JS Tip: Simple Array Of Unique Items

A co-worker showed me a simple trick for getting an array of unique, simple values. Let's say we were combining two arrays of message id's:

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1let arr = [19,22,7,12,6,85];
2let arr2 = [22,8,3,19,45];
3let newArr = [...arr, ...arr2];
4// newArr equals [19, 22, 7, 12, 6, 85, 22, 8, 3, 19, 45]

This gives us a new array, combining the values of the first two. But, we often only want the unique values. Rather than looping over every item, checking for dupes, etc, we can take advantage of the new Set object. A `Set` lets you store unique values of any type, and automatically tosses duplicates. As an iterable, it's easy to convert it from an Array like object to a true array.

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1newArr = Array.from(new Set(newArr));
2// newArr now equals [19, 22, 7, 12, 6, 85, 8, 3, 45]

And, being an array of numerics, we'd likely want to sort it in numeric order. We can do this with Array.sort().

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1newArr = Array.from(new Set(newArr)).sort();
2// Not exactly, now it reads [12, 19, 22, 3, 45, 6, 7, 8, 85]

OK, so that seems a little weird, until you read that documentation for `sort()` that I linked to above

The default sort order is built upon converting the elements into strings, then comparing their sequences of UTF-16 code units values.

Well, that seems a bit of a bummer. But, you can get around this by using the optional `compareFunction` argument of the `sort()` method.

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1newArr = Array.from(new Set(newArr)).sort((a,b) => a - b);
2// That's better! Now it reads [3, 6, 7, 8, 12, 19, 22, 45, 85]

And there you have it. Simple, unique value array. The `Set` object allows for any type, so you could use complex objects as well, but again you would have to provide a custom `compareFunction` for handling the `sort()`.

Fun With Destructuring

If you aren't compiling your JavaScript (well, EcmaScript...) code with Babel, you're probably missing out on some of the best features of the evolving language. On the other hand, if you're working in React or Angular every day, you've probably come across some of the most dynamic features. Destructuring is a prime example, but it's also important to understand the "gotchas".

Let's take a simple example to show you some of the power of destructuring.

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1const nodes = [{
2    id: '0-1',
3    label: 'Led Zeppelin',
4    members: [{
5        id: '0-1-1',
6        label: 'Jimmy Paige'
7    }, {
8        id: '0-1-2',
9        label: 'Robert Plant'
10    }, {
11        id: '0-1-3',
12        label: 'John Paul Jones'
13    }, {
14        id: '0-1-4',
15        label: 'John Bonham'
16    }]
19const band = nodes[0];
20const { label: bandName, members } = band;
21const [leadGuitar, leadSinger, bassPlayer, drummer] = members;

So, what's it do? Let's break it down. I took the first node and assigned it to band. I then assigned the bandName and members variables from the band's label and members values, respectively. Then, I took the first four items from my members array, and assigned each of them to a variable as well. This offers you a lot of power, simplifies your code, and can save some CPU cycles as well.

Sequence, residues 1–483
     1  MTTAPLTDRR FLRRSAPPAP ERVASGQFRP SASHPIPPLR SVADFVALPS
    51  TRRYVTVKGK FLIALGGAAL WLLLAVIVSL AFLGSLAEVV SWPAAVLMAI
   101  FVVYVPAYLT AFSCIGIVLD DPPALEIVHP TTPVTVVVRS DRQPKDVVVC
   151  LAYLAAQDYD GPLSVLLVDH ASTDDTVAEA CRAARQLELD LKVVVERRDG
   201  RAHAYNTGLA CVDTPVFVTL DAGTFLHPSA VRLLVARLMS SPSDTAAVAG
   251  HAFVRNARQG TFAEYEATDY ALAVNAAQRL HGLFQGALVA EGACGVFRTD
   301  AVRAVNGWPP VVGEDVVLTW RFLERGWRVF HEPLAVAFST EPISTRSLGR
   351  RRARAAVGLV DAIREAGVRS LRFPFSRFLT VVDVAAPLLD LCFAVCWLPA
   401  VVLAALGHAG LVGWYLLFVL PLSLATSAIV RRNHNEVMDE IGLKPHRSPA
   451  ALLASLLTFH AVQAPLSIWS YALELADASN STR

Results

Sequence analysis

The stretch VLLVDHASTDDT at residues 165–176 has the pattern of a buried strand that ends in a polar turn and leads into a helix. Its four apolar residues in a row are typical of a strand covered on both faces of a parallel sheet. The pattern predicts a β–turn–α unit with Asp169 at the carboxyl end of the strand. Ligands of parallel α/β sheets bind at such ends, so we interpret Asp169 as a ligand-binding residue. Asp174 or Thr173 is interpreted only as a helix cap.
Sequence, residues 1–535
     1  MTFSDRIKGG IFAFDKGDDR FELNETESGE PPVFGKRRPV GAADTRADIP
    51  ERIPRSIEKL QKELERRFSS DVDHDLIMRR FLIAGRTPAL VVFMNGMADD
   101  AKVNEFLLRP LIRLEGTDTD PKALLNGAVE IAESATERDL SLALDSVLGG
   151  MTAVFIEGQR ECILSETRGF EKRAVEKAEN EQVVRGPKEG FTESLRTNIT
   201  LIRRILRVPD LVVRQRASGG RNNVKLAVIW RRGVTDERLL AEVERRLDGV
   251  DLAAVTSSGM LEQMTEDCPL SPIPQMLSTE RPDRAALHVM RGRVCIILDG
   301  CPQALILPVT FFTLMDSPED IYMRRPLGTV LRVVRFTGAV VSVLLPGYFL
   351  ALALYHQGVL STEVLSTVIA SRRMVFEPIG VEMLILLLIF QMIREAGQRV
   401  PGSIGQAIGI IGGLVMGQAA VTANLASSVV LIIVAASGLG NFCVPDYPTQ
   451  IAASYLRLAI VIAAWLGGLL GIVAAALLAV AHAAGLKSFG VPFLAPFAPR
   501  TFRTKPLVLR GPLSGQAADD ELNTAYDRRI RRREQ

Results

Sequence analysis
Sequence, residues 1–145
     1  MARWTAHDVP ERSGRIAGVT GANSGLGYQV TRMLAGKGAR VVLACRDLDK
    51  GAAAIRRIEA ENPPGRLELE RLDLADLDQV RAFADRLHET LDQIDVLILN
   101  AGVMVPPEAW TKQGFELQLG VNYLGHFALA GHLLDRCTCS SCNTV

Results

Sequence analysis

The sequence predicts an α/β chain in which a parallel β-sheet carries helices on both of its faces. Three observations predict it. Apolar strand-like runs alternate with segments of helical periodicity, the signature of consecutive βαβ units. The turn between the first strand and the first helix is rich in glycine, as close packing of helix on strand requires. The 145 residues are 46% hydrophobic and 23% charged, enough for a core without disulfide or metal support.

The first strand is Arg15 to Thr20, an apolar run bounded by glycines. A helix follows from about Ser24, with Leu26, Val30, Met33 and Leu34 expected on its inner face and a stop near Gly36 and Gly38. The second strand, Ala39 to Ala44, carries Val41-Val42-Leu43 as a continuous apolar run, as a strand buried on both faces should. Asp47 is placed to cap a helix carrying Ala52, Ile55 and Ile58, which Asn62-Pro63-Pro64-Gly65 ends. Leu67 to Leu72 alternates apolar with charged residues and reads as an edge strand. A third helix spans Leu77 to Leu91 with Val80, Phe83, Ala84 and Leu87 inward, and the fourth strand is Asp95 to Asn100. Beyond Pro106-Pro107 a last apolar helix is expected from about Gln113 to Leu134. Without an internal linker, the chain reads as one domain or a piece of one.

But, what happens if something doesn't exist? Say you had a band with no members? (That's a trick), or members but no drummer? In those cases the members or drummer variables would be undefined.

Now, let's talk about "gotchas". Here's a neat bit of syntactic sugar for you.

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1drummer = {...drummer, deceased: true};

Using the spread operator, with destructuring, we add a new key to the drummer object. But, wait...

We also replaced the drummer object. This is important. While using destructuring like this can be easy, and very effective, it can have consequences. If you needed to update drummer by reference, you just killed the reference assignment.

And, the above statement would error (as will the array example below). This is because we declared drummer (and members) using const. While we could adjust, add, or remove keys and values, we can't replace the variable. We would have to declare using let instead of const.

The same holds true when using a spread operator and destructuring when attempting to update an array.

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1members = [...members, { id: '0-1-5', label: 'Jason Bonham' }];

While the members array now has a fifth item, the reference to band.members is no longer valid, as you replaced the variable.

But, this is no big deal, unless you needed to update the reference to the original variable. As long as you're aware of this limitation, it's easy to fallback on other methods to update those references. Let's change our variable declarations a little bit, and retool this code to work for us.

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1const band = nodes[0];
2const { label: bandName, members } = band;
3let [leadGuitar, leadSinger, bassPlayer, drummer] = members;
5Object.assign(drummer, {deceased: true});
6members.splice(3, 0, {id: '0-1-5', label: 'Jason Bonham'}); // insert Jason in the drummer array position
7[,,,drummer] = members; // and update the declaration

We switched our member variable declarations to let, so they can be replaced, updated the drummer, inserted a new member in the correct position, and updated the drummer reference to the new member.

This post only briefly touches on the power of destructuring, in modern EcmaScript. For a fantastic overview, check out the MDN documentation.